For my community of the Daughters of St. Paul, January 25 is a major feastday: the Conversion of St. Paul. Usually we celebrate it with a novena, but since I have neglected to blog and there are only three days left to prepare, I’d like to make a little “online triduum” of musings on St. Paul’s conversion.
Saint Paul’s is the only conversion that the Church officially celebrates as a feastday, although countless other saints have had notable conversions. Partly the feast highlights the greatness of Paul’s legacy to the Church. But also, Paul’s conversion is so classic, so well-described in the Acts of the Apostles, that it can provide insight into all conversions, whether they seem sudden, like St. Paul’s, or whether they are more gradual.
When I first entered the convent, I used to get tired of all the talk about conversion. I participated at Mass every day, I had entered the convent. How did I need “conversion”? Wasn’t conversion just for people who were “big sinners”? Yet I knew I must be missing something. Our Founder, Blessed James Alberione, was so convinced of the importance of ongoing (daily) conversion in our lives that he began the tradition of inscribing the words, “Have a penitent heart,” on the walls of every Pauline chapel around the globe. (He also inscribed three other phrases: “Do not fear. I am with you. From here [the Eucharist] I will enlighten.”]
Since my early days in the convent, Alberione’s writings have helped me discover an important truth about myself: the deeper I enter into my relationship with Jesus, the more I can see how deeply sin has a hold on me. Daily conversion is now an essential part of my relationship with God.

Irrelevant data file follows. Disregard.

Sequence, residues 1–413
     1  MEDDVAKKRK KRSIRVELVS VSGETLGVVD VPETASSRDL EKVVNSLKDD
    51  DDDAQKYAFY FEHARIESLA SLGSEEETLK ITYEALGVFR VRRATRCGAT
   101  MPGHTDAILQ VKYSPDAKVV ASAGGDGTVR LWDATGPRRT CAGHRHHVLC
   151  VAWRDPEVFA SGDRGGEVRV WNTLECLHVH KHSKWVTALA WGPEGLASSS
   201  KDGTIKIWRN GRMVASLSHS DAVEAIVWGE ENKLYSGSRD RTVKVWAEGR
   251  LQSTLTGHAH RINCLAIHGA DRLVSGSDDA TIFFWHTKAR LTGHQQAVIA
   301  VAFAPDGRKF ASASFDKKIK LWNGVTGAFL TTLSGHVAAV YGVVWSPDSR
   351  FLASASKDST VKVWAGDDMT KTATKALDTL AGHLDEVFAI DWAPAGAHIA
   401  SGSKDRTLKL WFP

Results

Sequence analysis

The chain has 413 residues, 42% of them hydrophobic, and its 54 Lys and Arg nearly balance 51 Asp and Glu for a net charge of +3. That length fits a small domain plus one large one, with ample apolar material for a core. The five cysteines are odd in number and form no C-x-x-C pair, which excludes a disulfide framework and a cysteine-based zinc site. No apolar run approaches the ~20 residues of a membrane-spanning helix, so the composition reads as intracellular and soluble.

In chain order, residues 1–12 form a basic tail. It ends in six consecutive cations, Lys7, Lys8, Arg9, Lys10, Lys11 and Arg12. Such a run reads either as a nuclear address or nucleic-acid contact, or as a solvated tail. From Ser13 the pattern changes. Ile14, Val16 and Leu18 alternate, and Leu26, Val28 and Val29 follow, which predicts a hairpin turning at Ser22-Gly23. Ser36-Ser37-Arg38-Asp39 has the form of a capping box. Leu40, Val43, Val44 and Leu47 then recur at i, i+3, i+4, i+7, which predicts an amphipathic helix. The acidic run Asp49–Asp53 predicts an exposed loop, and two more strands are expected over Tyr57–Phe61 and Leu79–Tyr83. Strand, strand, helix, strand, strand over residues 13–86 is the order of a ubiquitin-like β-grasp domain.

One of the coolest things I’ve discovered about conversion is that it constantly shifts the focus from me to him. Living in continual conversion doesn’t mean that I go around with my head hanging low, or that I focus on how I fail. Daily conversion means reminding myself of what my deepest call truly is, and how I can live that call today. When I am trying to live a life of true conformity with Christ, then it’s inevitable that I realize not only how much I need God’s grace, but how abundant God’s grace is when I reach out to him. St. Augustine describes God’s interaction with us as “sheer grace.” If I were to describe my life in two words, I think those would be the words I’d choose today.
How does the upcoming feast of St. Paul’s Conversion relate to your life?